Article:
Tape Transfer


Commodore tape transfer. Running a game in the VICE emulator that was transferred from a cassete. Almost all of the Commodore 8 bit computers have a datassette connection. The only exceptions I can think of are the C64 Games System and it's successor the C64 DTV. The datassette was a cheap alternative to the disk drive and was sold by the millions. Most (budget) games for the C64 were sold on tape.

So you have a great collection of original tapes or made programs yourself on tape and want to use them on an emulator. This page will describe how it is possible to read the tapes into your modern PC. You need to build (or buy) a interface that connects an original Datassette to your PC.


This are the specifications I personally use to transfer my tape's. Any PC will do that can run MS-DOS and has parallel port and a floppy.

PC: Pentium III, 256 MByte, 4 GB HD

OS: MS-DOS 6.2 + Windows 2000 SP4

MTAP + PTAP: Markus Brenner
FinalTap: Subchrist

C64S interface
1530 datassette

Every thing you will do is on your own risk. I have made a great effort to get the info on this page right but there could be a mistake on this page that I am not aware of. If you find an error please let me know.

The schematic.

C64S interface schematic. First you will have to build yourself a C64S interface. It's not very difficult to build. This interface will give you a datassette and a IEC (disk drive) connection.

The interface needs a regulated power supply of exactly 5 volts DC to power the datassette. There are a few ways to connect a power supply, choose one of the following.

It can be done by a external power adapter and a voltage regulator as is shown in the top left corner of the schematic. The external power supply can be anything from about 9 volts to about 24 volts AC or DC. The regulator will make a perfect 5 VDC voltage.

Another way of getting the 5 VDC is by connecting the interface to the game port of the PC this is shown at the top right corner of the schematic.

The way I did it is to make a connection to the PC power supply directly. I did this because my PC didn't have a game port. After soldering the wire be sure to isolate the connection with isolation tape.

In a PC the red wire is the 5 volt DC, but to be sure test the voltage. Use a rubber grommet where the wire leaves the PC housing to prevent damage to the wire.

The interface.

C64S interface cable. On the photo you can see my first version of the C64S interface.

Instead of a connector were you can plug in a IEC cable I connected a IEC connector that plugs into the disk drive (top). From a piece of PCB I made a datassette connector. I made cuts with a junior saw in the copper layer. And made the notch in the PCB. Use a PCB with only copper on the top side. After that I soldered all the wires to the connectors. Put some isolation tape on the PCB for the Datassette were the wires are soldered. Don't forget the connection in the D25 connector between 2 and 15.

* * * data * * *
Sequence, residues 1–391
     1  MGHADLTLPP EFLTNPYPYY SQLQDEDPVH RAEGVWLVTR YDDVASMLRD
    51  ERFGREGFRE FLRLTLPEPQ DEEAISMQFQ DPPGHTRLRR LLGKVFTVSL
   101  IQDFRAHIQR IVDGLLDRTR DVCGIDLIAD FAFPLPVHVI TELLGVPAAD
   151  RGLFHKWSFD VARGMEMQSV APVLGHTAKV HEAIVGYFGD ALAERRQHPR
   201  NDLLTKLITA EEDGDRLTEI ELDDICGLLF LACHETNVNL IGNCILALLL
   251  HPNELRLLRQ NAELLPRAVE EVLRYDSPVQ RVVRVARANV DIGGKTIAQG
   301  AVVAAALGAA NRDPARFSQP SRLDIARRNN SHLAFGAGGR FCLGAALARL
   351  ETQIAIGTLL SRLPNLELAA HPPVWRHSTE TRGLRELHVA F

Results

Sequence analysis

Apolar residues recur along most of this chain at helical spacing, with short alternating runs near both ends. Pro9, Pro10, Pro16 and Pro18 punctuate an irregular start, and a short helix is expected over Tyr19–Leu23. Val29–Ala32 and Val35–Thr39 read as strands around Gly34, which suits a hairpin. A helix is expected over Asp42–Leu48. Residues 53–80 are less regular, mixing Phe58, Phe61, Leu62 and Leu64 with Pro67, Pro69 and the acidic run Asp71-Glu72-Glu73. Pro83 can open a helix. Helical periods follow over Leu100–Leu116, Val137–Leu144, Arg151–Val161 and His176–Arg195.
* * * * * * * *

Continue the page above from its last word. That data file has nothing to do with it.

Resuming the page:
If you can't make the interface yourself take a look at the website of Markus Brenner. There is a link to order a complete interface.

The software.

MTAP software. The software that is used for the transfer is written for MS-DOS so you won't need a state of the art PC to do this. I had an spare Pentium III 600 MHz, a couple of 2 GB hard disks, a CD-ROM and this is perfect for the job. I installed Windows 2000 on the second hard disk (D:). So you have access to an emulator like VICE or CCS64, zip, internet and much more. But Windows 2000 can't do MS-DOS. After installing everything I installed MS-DOS 6.2 on the first hard disk (C:). After doing this the PC will boot to MS-DOS. Don't panic about the Windows 2000 part. Put in the installation CD of Windows 2000 and preform a repair of the system. When you now boot the PC it will ask which operating system to start (Double boot). Don't forget to format your hard disk(s) with FAT. If you use NTSF you can't use MS-DOS.

Go to the website of Markus Brenner and download MTAP (Read tape's) and PTAP (Write tape's) unzip the programs on the MS-DOS part of the harddisk. After this you have to get hold of a little program called CSDPMI.EXE and put this in the same directory as MTAP and PTAP. If you don't have CSDPMI.EXE try Google.

Shut down your PC and connect the C64S interface and a Dattassette to the interface. Boot the PC to MS-DOS and go to the directory with MTAP. Start the program MTAP.EXE. The program will list all possibilities. If you use the C64S interface connected to the LPT1 port the command is very simple:

mtap.exe game.tap [ENTER]

The program will check if the interface is connected and ask to PRESS PLAY ON TAPE. If you press play on tape the program will record the data from the Datassette to a .tap file named game in the same directory as MTAP.EXE. With very big tape's such as compilations you need to increase the buffer size.

On the photo you can see the program in action. The border of the screen will show lots of colors while recording the data. After all the data is recorded to the hard disk reboot the PC to Windows. And start your emulator and load the game.tap file.

Using the .tap file.

C64 wallpaper by Ingo Ruhnke. On the photo you can see the emulator in action. The very cool wallpaper is from Ingo Ruhnke aka Grumbel.

The program FinalTap from Subchrist software can be used to scan the imported .tap file. It will identify the speed loader and can export the program to a .prg file. Also it can be used to repair a .tap file.

If you want to write a .tap file back to a tape you can use the PTAP program.

For the users of the 264 series of Commodore computers there is a special interface available.
Update: 2019-05-11 13:33:15